from addict 2 advocate marilyn l davis fence

Recovery Fears: Still Sitting on the Fence?

By: Marilyn L. Davis

“I can attempt to stay on the fence. However, the problem is that the fence is a figment of my fear not a reality of my journey.” ― Craig D. Lounsbrough

 

from addict 2 advocate marilyn l davis fenceFear Resides with Us on the Fence

 

Unfortunately, as my mentor told me, “All you get by sitting on the fence is splinters in your ass.” Well, that just said it all. Of course, he didn’t stop there – he never did. He’d get my attention and then ask me questions to help me see where I might be resisting, unwilling, or seemingly unable to change.

Not to label myself as your mentor, but to pass on the questions he asked me so that if you’re sitting on the fence, you might find the courage to get off it. 

  1. When do you choose not to change?
  2. What are the circumstances where you will continue to act on old behaviors, even when you know you do not like the outcomes?
  3. How do you stay stuck in old behaviors? 

Still Sitting on the Fence? 

 

There are just as many reasons for sitting on the fence as there are people, so how you state your reasons for not changing might differ from others, but they tend to fall into the following categories:  “I do not change because I…”

  • Am afraid of success
  • Am overwhelmed; you expect me to change too many aspects
  • Believe that the way I do things is right
  • Do not like people telling me what to do, even directions for change
  • Don’t think my best will never be enough
  • Don’t want to experience failure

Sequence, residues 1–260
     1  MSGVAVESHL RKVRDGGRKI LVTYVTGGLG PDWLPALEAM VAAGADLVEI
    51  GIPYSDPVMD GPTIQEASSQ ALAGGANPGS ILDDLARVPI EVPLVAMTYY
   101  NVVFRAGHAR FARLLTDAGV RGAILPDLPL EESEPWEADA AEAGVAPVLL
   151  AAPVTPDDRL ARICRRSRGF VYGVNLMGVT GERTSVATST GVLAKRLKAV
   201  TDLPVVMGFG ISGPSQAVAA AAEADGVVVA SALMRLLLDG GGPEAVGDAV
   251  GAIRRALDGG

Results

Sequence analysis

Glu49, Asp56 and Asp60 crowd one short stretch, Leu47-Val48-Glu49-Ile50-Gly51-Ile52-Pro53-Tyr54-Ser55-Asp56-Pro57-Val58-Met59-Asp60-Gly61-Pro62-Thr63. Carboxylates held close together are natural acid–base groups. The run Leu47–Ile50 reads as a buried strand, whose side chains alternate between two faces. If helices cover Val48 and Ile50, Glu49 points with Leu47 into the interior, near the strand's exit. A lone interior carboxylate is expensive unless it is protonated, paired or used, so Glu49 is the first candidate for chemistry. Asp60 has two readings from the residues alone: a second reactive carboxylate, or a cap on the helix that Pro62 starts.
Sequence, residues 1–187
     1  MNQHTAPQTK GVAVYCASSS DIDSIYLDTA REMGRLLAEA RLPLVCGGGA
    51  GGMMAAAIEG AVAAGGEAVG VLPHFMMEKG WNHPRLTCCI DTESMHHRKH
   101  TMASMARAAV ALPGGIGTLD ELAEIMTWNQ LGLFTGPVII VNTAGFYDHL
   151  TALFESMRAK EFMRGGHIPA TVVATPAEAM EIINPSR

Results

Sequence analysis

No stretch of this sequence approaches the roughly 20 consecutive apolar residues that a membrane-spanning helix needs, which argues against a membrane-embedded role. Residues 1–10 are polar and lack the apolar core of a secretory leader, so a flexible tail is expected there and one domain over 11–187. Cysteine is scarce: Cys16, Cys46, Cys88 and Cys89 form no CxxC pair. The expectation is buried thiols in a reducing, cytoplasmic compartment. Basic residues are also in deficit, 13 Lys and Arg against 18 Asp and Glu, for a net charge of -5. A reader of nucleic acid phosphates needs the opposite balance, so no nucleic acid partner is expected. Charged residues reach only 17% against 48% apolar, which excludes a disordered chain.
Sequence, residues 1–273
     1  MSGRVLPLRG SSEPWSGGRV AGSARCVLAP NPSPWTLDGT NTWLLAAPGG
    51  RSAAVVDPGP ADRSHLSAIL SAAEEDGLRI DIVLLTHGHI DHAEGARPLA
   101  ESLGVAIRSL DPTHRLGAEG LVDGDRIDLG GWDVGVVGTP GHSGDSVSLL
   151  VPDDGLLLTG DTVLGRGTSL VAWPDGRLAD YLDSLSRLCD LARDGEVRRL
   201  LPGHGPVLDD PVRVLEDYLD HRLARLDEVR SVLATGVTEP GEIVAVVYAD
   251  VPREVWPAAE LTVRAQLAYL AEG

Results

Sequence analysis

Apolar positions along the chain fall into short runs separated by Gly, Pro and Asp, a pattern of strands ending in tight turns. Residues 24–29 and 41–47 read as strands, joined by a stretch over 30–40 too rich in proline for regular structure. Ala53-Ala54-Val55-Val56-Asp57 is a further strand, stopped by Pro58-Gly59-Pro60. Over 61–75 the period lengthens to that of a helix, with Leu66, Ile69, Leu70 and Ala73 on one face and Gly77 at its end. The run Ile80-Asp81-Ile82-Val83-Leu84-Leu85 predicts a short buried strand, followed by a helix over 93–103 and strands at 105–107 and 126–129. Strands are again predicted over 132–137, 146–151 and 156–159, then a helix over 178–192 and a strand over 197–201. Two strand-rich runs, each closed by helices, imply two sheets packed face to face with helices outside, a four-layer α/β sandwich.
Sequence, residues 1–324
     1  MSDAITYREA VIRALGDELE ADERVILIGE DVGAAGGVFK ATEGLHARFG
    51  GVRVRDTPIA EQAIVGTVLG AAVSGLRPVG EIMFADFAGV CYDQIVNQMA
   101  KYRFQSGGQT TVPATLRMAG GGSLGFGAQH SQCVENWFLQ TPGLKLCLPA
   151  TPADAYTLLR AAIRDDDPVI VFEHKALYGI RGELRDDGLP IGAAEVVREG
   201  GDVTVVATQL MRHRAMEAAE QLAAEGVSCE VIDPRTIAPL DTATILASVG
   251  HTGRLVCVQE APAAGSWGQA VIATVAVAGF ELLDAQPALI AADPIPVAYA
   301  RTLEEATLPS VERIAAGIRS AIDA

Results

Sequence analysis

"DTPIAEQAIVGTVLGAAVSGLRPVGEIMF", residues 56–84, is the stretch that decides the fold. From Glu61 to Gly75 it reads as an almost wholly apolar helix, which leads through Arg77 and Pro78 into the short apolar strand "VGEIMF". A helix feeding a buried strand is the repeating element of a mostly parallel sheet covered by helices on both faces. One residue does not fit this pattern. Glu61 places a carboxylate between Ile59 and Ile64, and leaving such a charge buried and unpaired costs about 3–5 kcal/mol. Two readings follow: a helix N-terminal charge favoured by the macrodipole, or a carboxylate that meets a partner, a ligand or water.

• Fear the unknown
  • Feel rushed; you expect me to change too fast
  • Get angry when I have to change
  • Like things the way they are
  • Question whether you have the right to tell me what or how to change
  • Think others will expect continued changes from me

These are all possibilities.

Stuck in Fear, So We Justify It

 

While you’re honest and admit that you have not liked all aspects of your life, you will sometimes stay stuck in the mindset that prompted the problems in your life and you stubbornly refuse to change.  

Only when you are willing to replace rationalization and justification with healthy actions and the process that can help you change, will you change.  Below are some of the ways you can stay stuck:

 

Ready to Get Off the Fence?

 

So, what do you do when you realize you are stuck, ambivalent about changing, or simply scared of changes?  One alternative is to bring this up in your recovery support meeting to discuss with your other peers.  They also face or have faced many of the same stumbling blocks in their recovery as you may now be experiencing.

They are a valuable resource and learning to use them as such gives you other perspectives on what, how, and why to change. Furthermore, they are often encouraging and supportive of you when you are struggling with the conflicting emotions and opinions about the changes you want to make in your life. 

Pick a Side

 

On the one hand, you know you need to change, but on the other, you are afraid that your changes won’t be good enough.  When you talk about your ambivalence, you can hear yourself being conflicted.  This can help you decide which side of the fence you will land on because walking the fence in the case of addiction vs. recovery is risky.

“When the fear of staying the same is greater than the fear of change, people will change.” ~Author Unknown

from addict 2 advocat marilyn l davis

It’s amusing to me that ‘author unknown’ means it could be any of us. And in this case, I think it’s all of us in early recovery.

We’re scared of staying in our addiction and scared of the unknown called recovery.

Going back to the quote, which side do you want to be on – staying the same, or overcoming your fear and changing? Besides, those splinters hurt!

 

Writing, and recovery heals the heart.

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2 thoughts on “Recovery Fears: Still Sitting on the Fence?

    1. Hi, Rick. Thanks for stopping by, reading, and commenting. I appreciate all of them. I was told 29 years ago that when I give away information that is helpful, it frees up space in my head to learn something new, so passing along what’s worked for me means I am free to learn something, too.

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